Sunday, October 19, 2003

Smallpox vaccination program flops 

George W. Bush's smallpox vaccination program hasn't been officially pronounced dead, but USA Today is reporting that the program has basically ceased. The plan was to vaccinate 450,000 health care workers so that they could respond to a bioterror attack. A second phase of the program would have vaccinated up to 10 million police, firefighters and other first responders.

But the program met with a weak response from the beginning. There have been no cases of smallpox on the planet since a 1977 case in Somalia. The smallpox vaccine is the riskiest, with side effects ranging from rash and discomfort at the vaccination site to death. Health care workers complained that they would not be adequately compensated in the event of injury or death. Major hospitals across the nation refused to administer the vaccine to their staffs in the absence of any actual cases--the vaccine can be administered up to four days after exposure--given the risk that the vaccine's live vaccinia virus, a cousin of smallpox, could be accidentally passed on to patients.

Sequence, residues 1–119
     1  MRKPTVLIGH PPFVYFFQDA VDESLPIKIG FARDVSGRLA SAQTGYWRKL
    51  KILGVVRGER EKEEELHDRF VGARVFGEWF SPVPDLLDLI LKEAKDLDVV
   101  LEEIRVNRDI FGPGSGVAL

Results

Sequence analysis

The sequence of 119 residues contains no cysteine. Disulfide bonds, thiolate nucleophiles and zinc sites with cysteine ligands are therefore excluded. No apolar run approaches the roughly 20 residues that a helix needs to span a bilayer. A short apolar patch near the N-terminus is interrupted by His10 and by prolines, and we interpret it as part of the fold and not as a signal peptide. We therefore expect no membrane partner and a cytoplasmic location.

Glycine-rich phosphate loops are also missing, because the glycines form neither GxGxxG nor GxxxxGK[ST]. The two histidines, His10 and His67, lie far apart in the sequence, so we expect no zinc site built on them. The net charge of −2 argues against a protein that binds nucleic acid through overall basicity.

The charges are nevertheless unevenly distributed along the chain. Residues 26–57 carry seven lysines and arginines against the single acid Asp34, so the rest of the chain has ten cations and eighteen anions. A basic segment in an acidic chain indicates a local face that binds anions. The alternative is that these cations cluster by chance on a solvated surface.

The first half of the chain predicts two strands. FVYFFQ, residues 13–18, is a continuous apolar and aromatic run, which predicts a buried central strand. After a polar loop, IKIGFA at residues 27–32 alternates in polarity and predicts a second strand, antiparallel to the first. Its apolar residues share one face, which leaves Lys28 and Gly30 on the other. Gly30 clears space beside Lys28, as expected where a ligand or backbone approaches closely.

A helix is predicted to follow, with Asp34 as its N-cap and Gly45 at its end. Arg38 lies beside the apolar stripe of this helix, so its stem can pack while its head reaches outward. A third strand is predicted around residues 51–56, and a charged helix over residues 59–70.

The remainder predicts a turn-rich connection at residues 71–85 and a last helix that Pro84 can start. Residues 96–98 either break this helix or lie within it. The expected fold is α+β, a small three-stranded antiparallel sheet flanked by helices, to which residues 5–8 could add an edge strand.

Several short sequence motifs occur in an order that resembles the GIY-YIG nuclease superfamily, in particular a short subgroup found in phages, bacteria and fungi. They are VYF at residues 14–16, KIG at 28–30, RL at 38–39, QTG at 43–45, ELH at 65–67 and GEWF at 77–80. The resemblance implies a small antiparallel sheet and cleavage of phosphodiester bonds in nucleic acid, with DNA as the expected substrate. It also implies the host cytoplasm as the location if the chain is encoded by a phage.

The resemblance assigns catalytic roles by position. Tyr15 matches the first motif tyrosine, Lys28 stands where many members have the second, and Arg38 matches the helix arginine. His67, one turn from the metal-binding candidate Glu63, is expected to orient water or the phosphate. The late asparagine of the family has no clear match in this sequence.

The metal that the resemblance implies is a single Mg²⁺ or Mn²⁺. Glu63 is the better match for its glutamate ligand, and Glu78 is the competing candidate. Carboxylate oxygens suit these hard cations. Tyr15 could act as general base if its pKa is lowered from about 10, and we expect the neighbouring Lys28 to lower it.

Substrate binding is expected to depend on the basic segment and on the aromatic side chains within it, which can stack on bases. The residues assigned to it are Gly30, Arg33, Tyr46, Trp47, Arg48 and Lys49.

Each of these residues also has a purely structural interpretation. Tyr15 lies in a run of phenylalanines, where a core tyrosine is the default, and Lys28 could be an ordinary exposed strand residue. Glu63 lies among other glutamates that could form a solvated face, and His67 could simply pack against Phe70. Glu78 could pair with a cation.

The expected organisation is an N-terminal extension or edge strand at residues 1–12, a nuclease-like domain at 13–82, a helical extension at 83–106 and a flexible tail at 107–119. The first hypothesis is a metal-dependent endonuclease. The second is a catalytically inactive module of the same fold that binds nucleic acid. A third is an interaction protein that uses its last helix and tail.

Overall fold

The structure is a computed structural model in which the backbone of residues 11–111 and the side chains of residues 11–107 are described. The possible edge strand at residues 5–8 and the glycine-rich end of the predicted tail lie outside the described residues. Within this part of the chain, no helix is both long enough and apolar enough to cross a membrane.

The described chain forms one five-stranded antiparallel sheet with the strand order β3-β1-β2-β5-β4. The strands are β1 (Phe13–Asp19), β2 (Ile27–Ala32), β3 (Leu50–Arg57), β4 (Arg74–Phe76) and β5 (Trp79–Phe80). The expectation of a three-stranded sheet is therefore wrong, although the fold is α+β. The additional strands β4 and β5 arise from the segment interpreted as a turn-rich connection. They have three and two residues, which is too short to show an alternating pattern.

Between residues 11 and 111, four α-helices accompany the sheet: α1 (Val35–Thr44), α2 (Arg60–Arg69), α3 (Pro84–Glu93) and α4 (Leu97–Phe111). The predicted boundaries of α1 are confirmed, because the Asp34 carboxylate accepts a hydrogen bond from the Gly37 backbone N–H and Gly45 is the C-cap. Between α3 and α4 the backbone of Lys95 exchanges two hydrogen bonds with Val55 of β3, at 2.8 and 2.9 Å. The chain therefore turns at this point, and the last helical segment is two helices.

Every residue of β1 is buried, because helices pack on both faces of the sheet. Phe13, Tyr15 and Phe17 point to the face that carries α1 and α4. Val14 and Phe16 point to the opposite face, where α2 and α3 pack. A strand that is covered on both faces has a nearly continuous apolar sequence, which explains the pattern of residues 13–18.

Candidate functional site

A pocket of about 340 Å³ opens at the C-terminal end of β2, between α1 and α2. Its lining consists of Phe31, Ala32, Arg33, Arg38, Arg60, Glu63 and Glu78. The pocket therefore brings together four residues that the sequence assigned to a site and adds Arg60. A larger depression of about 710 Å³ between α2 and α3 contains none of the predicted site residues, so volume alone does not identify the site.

After reports in April of heart problems associated with the vaccination only a few health workers a week volunteered for the shot.

The CDC will now fold the program into a broader antibioterrorism plan. The Department of Homeland Security is claiming that enough first responders have been vaccinated to deal with a smallpox outbreak.

But the bottom line is that savvy health care workers refused to be panicked into taking a risky vaccine that could have harmed themselves or their patients. Smallpox is a difficult virus to weaponize and deliver. If there is an outbreak, look to state terrorism, not the usual bogeymen in caves.

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